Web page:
Modelling Mortality in Kenya

John K. Njenga *

University of Nairobi, P.O. Box 13187 - 00200, Nairobi, Kenya.

Isaac C. Kipchirchir

Department of Mathematics, University of Nairobi, P.O. Box 30197 - 00100, Nairobi, Kenya.

*Author to whom correspondence should be addressed.


This research work seeks to analysis the mortality trend experienced in Kenya over the sample period 1950 to 2021 using a multidimensional modeling framework. Life table functions, namely; life expectancy, survival function and age at death distribution are applied to depict mortality characteristics. Life expectancy and survival rate have significantly improved. There has been a shift in mortality status from a high mortality population, to an intermediate stage and mortality risk factors have increased across age. Mortality concentration curve and index within the Lorenz curve and Gini coefficient framework are used to analyze the lifespan inequality. Lifespan inequality is high with negligible improvements over time. Gompertz force of mortality is then estimated, which is statistically significant at 5% level. Deaths at exact age 25 is about 35 per ten thousand, with the rate death rate increasing by 6.09% per year starting from age 25. Under the assumptions of stable population, where the mortality and fertility functions are independent of time, Malthusian parameter is estimated which is less than zero for selected years. Kenya is a shrinking population and death rate decrease with increase in Malthusian parameter. Finally, to model long-term mortality rate forecast, Lee-Carter model is estimated. The model is statistically significant at 5% level explaining 78.4% of the variations. Expected life expectancy at a given age is projected to increase, with life expectancy at birth in 2030 and 2071 being 65.6 and 70.5 years respectively.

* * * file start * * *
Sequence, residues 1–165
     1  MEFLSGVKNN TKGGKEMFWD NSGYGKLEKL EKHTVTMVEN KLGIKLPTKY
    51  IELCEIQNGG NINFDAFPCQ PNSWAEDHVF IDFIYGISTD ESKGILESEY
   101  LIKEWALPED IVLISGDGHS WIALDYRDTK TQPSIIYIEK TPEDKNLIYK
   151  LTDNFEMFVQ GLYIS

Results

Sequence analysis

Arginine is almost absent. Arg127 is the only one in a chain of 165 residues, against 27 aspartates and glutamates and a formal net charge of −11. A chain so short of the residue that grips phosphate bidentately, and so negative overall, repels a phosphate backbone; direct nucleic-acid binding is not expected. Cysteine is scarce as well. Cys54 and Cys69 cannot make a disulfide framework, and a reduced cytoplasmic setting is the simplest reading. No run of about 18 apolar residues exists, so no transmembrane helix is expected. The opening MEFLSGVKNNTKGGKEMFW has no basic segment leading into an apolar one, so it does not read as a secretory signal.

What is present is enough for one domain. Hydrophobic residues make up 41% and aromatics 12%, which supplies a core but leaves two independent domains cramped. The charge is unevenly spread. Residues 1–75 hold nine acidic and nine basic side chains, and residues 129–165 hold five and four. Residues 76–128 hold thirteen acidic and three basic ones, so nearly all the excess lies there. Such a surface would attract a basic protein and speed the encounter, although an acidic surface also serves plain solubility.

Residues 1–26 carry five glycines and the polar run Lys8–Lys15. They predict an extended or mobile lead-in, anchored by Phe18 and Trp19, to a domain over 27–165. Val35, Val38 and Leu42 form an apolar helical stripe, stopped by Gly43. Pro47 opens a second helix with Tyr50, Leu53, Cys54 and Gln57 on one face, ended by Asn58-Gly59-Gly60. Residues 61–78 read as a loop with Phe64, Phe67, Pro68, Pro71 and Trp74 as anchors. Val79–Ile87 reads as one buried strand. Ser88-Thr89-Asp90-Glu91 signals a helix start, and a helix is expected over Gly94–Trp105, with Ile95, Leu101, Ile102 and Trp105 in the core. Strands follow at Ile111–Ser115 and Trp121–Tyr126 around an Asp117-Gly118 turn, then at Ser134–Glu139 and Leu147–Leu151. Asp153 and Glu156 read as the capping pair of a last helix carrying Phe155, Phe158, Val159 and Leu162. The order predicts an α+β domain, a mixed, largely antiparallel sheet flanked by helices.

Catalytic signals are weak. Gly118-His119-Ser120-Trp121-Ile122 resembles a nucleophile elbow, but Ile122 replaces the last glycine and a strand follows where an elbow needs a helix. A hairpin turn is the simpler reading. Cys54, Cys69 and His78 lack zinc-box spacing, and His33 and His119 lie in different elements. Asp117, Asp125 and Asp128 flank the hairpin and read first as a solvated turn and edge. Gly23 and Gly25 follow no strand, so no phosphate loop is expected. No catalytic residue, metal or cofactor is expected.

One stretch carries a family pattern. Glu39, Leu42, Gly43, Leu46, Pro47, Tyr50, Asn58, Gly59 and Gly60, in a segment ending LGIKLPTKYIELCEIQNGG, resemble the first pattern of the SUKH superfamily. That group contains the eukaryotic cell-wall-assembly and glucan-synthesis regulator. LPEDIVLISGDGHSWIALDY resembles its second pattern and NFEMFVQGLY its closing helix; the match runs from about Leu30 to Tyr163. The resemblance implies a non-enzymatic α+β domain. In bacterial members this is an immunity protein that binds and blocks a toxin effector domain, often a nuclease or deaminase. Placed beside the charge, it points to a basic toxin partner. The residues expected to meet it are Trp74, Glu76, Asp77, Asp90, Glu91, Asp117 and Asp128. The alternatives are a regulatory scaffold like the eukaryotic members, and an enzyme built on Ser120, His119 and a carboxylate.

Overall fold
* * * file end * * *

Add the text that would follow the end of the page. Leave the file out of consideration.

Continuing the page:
Keywords: Life expectancy, mortality rate, life table, age specific mortality rate

How to Cite

Njenga, J. K., & Kipchirchir, I. C. (2024). Modelling Mortality in Kenya. Asian Research Journal of Mathematics, 20(1), 1–15.


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